Like the historic log cabins of nearly 100 years ago, Mammoth gambrels are from a bygone era too. What is a gambrel? Some people call them flat roofed “A” frames because they don’t have perpendicular side walls. But for the most part these structures are the product of the 1970’s and affordable/inexpensive construction of that period. The same residential lots people today want to construct 3,000 square foot luxury homes on had different visions back 40 years ago. People wanted simple weekend ski cabins or summer homes. They were the residential “crashpads” of decades ago. In the 70’s the lots were available for $6-7-8 K and a gambrel structure could go up on weekend. Some were completed as “spec” deals and sold as packages for $50K or so. Some of these gambrels occupy some of the nicest lots in Mammoth. Typically they aren’t constructed all that well BUT they have stood the test of time and all the big Mammoth winters and earthquakes. Most have minimal insulation. Over the years many have been bulldozed to make way for new construction. And over the years some owners have made substantial upgrades to these historic homes. One of the most popular upgrades is to encapsulate the entire roof and siding in metal roofing material. As I drive through the neighborhoods this summer I see three gambrels receiving substantial additions and remodels. This can be a very tricky economic decision. Some of these gambrel owners have fond memories in these properties (they love their Mammoth home) but desire more space including a garage. And some owners take the remodeling as an opportunity to reduce the “gambrel look” of the structure. This add-ons and remodeling are also a sign of the economic times; some are taking advantage of hungry contractors, and some are playing their “move-up” in a conservative fashion. Regardless, it is always good to see Mammoth’s housing stock being improved.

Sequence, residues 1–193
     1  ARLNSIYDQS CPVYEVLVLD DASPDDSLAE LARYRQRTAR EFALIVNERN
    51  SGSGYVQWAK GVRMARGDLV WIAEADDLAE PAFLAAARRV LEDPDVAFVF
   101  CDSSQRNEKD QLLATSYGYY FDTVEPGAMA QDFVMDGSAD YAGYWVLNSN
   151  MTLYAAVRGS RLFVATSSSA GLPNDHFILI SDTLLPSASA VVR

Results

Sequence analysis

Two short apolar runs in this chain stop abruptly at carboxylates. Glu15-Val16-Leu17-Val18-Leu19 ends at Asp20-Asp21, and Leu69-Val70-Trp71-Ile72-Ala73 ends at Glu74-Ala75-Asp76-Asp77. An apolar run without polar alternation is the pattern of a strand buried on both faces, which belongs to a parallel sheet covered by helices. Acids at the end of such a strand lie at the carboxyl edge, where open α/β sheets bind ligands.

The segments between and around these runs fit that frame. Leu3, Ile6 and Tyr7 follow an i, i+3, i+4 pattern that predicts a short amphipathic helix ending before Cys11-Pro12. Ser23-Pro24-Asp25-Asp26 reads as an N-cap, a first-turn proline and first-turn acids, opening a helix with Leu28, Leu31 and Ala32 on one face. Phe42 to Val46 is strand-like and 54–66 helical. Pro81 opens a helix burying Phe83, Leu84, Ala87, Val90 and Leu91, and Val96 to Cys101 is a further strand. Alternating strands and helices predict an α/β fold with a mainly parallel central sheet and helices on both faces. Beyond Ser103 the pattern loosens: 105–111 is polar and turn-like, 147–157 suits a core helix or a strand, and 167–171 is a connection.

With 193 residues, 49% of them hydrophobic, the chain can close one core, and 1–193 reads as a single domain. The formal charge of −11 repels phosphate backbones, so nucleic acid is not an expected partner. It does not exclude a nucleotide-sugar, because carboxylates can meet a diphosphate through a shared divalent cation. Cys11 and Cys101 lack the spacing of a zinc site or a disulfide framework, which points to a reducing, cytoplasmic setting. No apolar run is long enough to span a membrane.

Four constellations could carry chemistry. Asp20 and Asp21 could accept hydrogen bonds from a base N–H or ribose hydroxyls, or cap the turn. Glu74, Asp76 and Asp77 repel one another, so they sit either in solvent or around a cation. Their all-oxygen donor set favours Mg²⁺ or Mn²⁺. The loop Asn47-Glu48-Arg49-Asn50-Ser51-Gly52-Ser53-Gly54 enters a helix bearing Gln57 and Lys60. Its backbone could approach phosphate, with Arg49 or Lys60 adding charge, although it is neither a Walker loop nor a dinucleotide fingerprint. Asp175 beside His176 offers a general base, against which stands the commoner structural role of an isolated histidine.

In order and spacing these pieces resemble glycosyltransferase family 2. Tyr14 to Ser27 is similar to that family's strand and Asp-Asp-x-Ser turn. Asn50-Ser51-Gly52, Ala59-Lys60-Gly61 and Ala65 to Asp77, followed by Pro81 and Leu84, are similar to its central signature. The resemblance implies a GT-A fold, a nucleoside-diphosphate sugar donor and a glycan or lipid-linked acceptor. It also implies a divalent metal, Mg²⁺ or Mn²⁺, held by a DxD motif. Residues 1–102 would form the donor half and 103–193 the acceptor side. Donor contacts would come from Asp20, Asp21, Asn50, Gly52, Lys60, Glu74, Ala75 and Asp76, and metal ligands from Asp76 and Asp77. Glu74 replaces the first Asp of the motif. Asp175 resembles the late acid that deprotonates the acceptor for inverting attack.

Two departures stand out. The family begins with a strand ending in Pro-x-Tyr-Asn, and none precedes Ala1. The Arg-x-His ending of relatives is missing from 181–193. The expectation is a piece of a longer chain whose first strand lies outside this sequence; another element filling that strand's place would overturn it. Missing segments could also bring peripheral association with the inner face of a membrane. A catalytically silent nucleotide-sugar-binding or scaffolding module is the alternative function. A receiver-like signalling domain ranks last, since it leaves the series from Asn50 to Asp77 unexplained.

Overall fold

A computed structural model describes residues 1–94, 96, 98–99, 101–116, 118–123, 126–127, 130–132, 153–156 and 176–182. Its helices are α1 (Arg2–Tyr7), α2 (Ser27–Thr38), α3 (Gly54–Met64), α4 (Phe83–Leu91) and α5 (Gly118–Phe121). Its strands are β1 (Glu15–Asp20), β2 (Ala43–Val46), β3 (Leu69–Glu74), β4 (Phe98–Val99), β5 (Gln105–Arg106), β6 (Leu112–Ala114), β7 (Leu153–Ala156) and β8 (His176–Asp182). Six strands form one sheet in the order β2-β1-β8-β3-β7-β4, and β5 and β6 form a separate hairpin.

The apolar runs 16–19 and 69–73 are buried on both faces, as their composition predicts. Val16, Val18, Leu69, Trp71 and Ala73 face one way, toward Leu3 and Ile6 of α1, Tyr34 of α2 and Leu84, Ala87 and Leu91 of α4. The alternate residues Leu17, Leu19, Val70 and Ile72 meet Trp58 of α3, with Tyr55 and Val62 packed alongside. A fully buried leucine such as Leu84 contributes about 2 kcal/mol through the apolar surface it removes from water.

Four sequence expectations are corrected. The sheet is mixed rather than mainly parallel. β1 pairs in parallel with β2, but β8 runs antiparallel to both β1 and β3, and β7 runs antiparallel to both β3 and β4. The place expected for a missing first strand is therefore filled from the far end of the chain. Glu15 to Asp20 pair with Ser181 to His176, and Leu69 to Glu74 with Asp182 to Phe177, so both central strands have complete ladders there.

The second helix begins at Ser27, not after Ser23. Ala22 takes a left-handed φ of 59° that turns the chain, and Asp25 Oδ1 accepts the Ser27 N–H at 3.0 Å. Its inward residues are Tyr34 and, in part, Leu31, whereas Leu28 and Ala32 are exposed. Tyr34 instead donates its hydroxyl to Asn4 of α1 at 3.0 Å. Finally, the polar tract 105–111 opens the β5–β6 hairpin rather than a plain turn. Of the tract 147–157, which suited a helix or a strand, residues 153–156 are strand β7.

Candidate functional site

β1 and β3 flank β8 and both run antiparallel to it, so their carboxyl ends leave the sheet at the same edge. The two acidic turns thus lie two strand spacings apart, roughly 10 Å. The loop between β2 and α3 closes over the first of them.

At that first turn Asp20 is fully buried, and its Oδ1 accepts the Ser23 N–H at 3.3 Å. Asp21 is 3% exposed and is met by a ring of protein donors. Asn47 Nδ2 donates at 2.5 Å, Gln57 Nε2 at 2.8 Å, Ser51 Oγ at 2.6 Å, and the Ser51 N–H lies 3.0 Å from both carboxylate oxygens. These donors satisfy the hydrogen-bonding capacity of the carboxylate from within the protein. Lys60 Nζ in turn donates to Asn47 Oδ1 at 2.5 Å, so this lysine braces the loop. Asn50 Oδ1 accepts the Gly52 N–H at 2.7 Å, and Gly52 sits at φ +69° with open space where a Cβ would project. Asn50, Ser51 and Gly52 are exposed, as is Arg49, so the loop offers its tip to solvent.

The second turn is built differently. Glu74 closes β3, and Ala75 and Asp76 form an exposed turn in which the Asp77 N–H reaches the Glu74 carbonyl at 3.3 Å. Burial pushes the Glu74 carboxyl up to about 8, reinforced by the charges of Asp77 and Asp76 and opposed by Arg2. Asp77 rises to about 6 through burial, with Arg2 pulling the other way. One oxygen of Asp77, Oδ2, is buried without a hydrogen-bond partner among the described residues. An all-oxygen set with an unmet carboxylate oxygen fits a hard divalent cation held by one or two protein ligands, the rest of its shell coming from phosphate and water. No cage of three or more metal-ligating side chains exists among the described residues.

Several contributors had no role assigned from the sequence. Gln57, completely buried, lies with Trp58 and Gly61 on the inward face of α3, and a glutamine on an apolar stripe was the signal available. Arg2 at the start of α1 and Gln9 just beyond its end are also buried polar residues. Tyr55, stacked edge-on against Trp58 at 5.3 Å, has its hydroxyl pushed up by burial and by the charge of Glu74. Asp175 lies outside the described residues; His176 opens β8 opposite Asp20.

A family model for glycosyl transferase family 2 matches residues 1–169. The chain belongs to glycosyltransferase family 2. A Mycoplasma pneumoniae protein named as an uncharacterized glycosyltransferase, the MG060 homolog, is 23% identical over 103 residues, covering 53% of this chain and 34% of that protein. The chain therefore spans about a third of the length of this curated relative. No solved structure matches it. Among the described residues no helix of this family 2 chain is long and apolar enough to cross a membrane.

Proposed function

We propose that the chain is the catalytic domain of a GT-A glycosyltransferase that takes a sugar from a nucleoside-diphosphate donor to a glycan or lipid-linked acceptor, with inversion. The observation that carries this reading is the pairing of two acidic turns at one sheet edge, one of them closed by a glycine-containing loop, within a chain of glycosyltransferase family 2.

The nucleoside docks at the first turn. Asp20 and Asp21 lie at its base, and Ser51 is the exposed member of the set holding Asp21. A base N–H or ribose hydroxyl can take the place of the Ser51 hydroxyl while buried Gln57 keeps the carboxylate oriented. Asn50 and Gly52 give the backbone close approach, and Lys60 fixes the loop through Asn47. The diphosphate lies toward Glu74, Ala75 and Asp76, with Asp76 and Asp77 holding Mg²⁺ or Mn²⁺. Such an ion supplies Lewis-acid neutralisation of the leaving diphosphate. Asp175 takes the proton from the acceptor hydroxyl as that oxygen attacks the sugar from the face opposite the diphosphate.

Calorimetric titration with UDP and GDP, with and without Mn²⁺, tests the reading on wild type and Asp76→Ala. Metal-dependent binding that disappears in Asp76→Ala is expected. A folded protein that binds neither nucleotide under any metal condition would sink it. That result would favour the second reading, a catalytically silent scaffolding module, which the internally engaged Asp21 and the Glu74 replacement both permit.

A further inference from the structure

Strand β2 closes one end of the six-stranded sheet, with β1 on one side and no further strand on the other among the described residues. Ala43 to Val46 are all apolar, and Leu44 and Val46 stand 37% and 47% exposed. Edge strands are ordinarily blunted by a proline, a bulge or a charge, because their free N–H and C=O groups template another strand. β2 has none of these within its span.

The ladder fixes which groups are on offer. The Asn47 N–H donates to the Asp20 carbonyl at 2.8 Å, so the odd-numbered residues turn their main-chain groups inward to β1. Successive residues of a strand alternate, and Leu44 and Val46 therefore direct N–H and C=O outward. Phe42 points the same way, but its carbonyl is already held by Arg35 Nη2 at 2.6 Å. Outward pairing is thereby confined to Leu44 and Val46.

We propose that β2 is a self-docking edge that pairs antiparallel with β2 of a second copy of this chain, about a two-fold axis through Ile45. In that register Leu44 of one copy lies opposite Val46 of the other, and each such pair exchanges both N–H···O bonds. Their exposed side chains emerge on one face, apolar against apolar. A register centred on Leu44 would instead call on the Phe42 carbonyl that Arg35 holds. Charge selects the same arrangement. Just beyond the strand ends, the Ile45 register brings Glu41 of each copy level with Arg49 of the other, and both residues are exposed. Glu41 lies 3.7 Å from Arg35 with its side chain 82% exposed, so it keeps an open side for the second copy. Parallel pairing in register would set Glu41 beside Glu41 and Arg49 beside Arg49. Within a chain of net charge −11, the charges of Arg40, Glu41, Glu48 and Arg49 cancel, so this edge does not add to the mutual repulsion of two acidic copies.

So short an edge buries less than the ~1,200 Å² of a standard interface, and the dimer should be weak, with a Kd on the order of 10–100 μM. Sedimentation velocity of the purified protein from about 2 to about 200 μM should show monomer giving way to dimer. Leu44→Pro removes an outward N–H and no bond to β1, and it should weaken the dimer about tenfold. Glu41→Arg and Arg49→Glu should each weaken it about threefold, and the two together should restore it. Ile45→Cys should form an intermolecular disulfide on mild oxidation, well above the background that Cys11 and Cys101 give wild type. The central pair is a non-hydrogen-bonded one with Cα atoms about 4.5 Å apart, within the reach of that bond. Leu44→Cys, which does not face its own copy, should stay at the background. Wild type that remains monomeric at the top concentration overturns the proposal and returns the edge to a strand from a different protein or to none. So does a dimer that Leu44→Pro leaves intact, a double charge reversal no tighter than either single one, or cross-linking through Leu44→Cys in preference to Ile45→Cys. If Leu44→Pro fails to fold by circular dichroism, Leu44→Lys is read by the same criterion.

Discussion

/ Blog / / Mammoth Summer of Gambrel Discontent
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